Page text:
More than 1,300 miles from New York, on the uninhabited island of West Caicos, a group of European investors is helping to pick up the pieces from the collapse of Lehman Brothers. The new developers bought Lehman’s stake in an unfinished luxury development called Molasses Reef in December, about four years after the bank’s failure set off a global financial crisis—and stranded more than 400 Chinese construction workers at the site with semibuilt condos and weed-clogged swimming pools.
Lehman, once the world’s fourth-largest investment bank, put up the majority of the money for Molasses Reef as part of its expansion into real estate before filing the biggest bankruptcy in U.S. history in September 2008. In the wake of its exit from court protection last year, Lehman is liquidating properties, including condos in Hawaii and office towers in Detroit. Lehman has paid more than $32 billion to creditors so far. It said in December that it raised $3.9 billion in the quarter ended Sept. 30 and another $1.6 billion in October and November, while its $6.5 billion sale of apartment owner Archstone is due to close by March 26.
The names of the purchasers of Lehman’s stake in the West Caicos project, and the price they paid, haven’t been disclosed. They were advised by Kew Capital, a London-based firm started by two former Credit Suisse executives in 2008 to advise Russian steel magnates Alexander Abramov and Alexander Frolov on how to manage “several billion dollars” of their wealth, Dow Jones reported at the time. “The investment reflects our conviction that Turks and Caicos Islands has a great tourism base and has enormous further tourism potential,” Kew Capital said in a Dec. 14 statement. Kimberly Macleod, a spokeswoman for Lehman, declined to comment on the sale.
Building at Molasses Reef—a mix of condos, hotel suites, and parcels for homes—is expected to resume this year. Construction came to a standstill in 2008, when the project was about 70 percent complete. Some Chinese construction workers held their bosses hostage when an anticipated Lehman loan didn’t materialize and wages they were owed weren’t paid. The standoff ended after a week, when the workers got their money.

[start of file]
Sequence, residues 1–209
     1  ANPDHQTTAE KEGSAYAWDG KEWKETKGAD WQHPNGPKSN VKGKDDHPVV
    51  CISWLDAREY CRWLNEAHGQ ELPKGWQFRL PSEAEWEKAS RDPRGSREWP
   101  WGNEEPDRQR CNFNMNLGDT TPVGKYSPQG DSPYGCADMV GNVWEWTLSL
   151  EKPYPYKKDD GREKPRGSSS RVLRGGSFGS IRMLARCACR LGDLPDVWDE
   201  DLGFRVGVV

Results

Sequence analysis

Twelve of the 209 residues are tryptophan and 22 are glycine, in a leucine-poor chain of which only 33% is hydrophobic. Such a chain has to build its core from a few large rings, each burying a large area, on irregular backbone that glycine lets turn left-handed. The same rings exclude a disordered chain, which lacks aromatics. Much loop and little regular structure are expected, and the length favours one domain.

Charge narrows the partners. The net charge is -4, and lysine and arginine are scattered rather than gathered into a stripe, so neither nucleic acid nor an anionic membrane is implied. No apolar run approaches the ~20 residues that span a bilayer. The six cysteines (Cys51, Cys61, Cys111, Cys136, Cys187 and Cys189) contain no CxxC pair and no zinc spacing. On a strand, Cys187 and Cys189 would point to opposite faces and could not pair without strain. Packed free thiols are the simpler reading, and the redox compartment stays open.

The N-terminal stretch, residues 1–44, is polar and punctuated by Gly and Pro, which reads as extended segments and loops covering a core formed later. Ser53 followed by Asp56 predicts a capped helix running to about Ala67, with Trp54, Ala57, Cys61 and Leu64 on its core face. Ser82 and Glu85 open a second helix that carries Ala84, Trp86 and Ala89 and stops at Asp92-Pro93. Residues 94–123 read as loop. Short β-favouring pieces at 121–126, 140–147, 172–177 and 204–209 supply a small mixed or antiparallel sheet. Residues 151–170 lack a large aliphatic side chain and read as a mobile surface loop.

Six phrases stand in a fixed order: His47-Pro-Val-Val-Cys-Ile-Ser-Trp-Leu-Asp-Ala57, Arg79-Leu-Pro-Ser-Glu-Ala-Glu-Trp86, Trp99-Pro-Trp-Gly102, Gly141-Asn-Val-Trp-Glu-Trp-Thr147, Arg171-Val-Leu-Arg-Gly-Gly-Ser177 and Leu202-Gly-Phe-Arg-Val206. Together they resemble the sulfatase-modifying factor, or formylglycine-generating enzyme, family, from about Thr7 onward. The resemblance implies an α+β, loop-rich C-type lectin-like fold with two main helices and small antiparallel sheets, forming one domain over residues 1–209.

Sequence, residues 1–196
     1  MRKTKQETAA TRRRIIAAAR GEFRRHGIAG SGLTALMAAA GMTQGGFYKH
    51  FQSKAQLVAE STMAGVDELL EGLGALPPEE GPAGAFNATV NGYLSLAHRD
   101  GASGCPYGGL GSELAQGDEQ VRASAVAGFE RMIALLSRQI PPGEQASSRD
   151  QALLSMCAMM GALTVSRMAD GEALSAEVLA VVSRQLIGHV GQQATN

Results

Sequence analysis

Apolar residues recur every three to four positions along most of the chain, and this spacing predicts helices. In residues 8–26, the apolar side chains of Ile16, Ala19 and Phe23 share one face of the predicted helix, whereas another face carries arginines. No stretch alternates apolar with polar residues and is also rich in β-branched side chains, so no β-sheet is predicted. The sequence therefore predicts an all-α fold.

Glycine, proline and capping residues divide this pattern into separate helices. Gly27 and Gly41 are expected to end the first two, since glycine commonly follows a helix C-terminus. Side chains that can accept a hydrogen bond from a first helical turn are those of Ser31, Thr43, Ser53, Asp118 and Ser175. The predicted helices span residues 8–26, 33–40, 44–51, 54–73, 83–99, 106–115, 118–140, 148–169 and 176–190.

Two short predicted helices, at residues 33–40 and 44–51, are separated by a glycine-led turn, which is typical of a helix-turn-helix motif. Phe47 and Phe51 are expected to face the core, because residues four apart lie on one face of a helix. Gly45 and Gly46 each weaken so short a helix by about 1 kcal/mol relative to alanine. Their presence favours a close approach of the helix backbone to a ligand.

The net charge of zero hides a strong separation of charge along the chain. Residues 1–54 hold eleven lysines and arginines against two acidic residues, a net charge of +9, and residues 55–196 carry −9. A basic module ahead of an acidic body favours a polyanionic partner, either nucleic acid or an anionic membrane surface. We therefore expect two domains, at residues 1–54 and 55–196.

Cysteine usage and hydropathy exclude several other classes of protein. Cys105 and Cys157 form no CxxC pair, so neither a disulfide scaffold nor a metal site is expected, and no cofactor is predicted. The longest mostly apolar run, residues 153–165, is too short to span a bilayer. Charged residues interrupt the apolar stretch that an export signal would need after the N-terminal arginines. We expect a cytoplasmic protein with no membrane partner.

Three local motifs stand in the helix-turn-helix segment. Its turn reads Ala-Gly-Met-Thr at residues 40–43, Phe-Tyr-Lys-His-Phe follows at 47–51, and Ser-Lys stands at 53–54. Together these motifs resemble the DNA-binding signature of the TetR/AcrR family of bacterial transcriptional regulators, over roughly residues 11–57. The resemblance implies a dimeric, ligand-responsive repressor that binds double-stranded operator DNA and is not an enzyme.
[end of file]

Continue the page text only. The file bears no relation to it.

More than four years later, the cement shell of a hotel with views across turquoise water is mostly intact. Birds have built nests on the rooftops of some of the 30 unfinished condos, originally marketed from $2.5 million to $5.5 million, that line a stretch of beach on the island northeast of Cuba. About $300 million has been put into the project so far, with $200 million of that coming from Lehman, according to Matt McDonald, director of Logwood Development, the original developer, which has sold most of its interest to the European investors. McDonald estimates it will take about $130 million more to complete. “It’s always been a unique project,” he says.
Molasses Reef may signal a revival of Caribbean construction, says Andy Wimsatt, senior vice president of investment properties at CBRE and a former manager of the West Caicos project. “Investors now view Caribbean resorts as having hit bottom and improving,” he says. “When the residential market there begins to warm up—and we’re in the early stages of that now—you’ll see a lot more activity.”